“Now we can turn any arbitrary wall surface into a touch-input surface,” says Shwetak Patel, professor of computer science and engineering and electrical engineering at the University of Washington (and a TR35 honoree in 2009), who was involved with the work. The next step, he says, is to make the data analysis real-time and to make the system even smaller—with a phone or a watch instead of a laptop collecting and analyzing data.
“With Nintendo Wii and Microsoft’s Kinect, people are starting to realize that these gesture interfaces can be quite compelling and useful,” says Thad Starner, professor in Georgia Tech’s College of Computing. “This is the sort of paper that says here is a new direction, an interesting idea; now can we refine it and make it better over time.”
Refining the system to make it more user-friendly will be important, says Pattie Maes, a professor in MIT’s Media Lab who specializes in computer interfaces. “Many interfaces require some visual, tangible, or auditory feedback so the user knows where to touch.” While the researchers suggest using stickers or other marks to denote wall-based controls, this approach might not appeal to everyone. “I think it is intriguing,” says Maes, “but may only have limited-use cases.”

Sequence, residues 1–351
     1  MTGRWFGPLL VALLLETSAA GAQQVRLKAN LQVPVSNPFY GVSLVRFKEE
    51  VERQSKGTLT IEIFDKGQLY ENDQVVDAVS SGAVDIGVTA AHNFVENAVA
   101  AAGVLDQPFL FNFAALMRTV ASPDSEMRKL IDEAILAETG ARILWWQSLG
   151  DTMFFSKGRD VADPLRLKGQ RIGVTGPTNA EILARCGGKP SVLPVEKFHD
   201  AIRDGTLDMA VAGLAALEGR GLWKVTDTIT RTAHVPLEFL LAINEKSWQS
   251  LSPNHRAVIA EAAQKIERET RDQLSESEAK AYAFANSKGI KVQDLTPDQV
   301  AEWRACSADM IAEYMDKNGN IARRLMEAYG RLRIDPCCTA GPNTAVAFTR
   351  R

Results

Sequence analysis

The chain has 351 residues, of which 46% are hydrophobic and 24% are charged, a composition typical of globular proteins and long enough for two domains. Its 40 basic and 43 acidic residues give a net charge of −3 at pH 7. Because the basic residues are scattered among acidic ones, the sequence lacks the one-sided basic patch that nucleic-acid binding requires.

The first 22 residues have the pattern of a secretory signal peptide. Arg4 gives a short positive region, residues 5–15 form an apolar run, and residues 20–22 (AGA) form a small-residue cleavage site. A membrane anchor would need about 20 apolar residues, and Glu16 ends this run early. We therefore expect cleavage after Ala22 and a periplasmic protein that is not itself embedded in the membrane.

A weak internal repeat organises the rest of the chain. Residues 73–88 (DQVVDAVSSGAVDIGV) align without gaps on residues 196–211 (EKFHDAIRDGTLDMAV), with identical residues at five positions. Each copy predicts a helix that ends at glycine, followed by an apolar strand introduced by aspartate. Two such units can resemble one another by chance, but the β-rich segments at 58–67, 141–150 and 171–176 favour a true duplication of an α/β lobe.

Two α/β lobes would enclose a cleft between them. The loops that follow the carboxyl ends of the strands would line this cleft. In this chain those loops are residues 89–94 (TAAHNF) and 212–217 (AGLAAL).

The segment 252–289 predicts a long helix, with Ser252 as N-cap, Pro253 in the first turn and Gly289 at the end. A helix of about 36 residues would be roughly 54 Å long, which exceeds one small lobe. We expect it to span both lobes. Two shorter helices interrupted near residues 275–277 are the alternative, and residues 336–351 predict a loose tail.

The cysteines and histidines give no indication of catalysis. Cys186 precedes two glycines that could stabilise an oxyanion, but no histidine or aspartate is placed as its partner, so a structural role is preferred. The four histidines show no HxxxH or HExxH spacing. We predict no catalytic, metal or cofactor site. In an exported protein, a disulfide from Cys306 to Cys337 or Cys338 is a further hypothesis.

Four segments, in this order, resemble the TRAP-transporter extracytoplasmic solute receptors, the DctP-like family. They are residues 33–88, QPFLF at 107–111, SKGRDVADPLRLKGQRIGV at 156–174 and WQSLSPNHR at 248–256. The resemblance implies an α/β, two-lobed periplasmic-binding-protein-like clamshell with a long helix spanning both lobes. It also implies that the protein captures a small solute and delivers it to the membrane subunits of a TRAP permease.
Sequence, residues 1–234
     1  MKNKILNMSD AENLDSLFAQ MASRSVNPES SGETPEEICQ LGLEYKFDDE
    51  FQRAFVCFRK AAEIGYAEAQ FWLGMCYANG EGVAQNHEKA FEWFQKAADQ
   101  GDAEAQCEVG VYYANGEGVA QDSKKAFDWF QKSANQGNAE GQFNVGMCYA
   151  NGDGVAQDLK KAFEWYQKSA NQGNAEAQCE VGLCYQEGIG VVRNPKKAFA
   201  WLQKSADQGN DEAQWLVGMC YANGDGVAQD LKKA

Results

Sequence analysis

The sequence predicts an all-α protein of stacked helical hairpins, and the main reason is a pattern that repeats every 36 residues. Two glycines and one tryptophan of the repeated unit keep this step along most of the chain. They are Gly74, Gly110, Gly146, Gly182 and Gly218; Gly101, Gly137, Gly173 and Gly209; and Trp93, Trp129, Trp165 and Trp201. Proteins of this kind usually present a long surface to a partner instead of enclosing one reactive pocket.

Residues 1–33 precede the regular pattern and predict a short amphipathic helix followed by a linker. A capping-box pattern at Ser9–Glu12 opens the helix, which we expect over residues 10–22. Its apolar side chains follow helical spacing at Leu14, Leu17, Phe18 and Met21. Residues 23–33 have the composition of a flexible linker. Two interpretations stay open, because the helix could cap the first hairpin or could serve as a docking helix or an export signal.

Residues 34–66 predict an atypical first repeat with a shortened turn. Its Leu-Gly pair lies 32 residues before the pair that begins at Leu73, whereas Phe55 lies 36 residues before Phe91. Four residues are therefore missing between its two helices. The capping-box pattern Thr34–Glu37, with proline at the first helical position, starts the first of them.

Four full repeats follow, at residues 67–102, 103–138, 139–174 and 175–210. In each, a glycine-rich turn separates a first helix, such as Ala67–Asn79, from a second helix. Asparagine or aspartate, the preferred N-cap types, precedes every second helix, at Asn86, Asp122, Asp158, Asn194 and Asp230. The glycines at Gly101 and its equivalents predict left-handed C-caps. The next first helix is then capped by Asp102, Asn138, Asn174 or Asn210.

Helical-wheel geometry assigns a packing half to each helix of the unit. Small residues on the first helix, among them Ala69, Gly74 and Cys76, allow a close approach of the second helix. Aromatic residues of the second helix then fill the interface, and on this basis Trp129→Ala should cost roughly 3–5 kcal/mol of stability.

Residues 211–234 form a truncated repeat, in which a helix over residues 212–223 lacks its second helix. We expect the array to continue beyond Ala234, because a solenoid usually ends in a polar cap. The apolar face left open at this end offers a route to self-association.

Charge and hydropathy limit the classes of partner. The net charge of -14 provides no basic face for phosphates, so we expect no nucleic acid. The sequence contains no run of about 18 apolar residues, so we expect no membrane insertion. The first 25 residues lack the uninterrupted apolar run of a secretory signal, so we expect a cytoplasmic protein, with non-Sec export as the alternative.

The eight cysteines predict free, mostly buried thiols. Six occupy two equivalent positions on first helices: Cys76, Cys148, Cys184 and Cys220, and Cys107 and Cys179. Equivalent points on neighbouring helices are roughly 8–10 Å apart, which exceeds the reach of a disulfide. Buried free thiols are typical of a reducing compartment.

Joe Paradiso, another professor in MIT’s Media Lab, says, “The idea is wild and different enough to attract attention,” but he notes that the signal produced could vary depending on the way a person wears the device that collects the signal.
Patel has previously used a building’s electrical, water, and ventilation systems to locate people indoors. Tan has worked with sensors that use human brain power for computing and muscle activity to control electronics wirelessly. The two researchers share an interest in pulling useful information out of noisy signals. With the recent joint project, Tan says, the researchers are “taking junk and making sense of it.”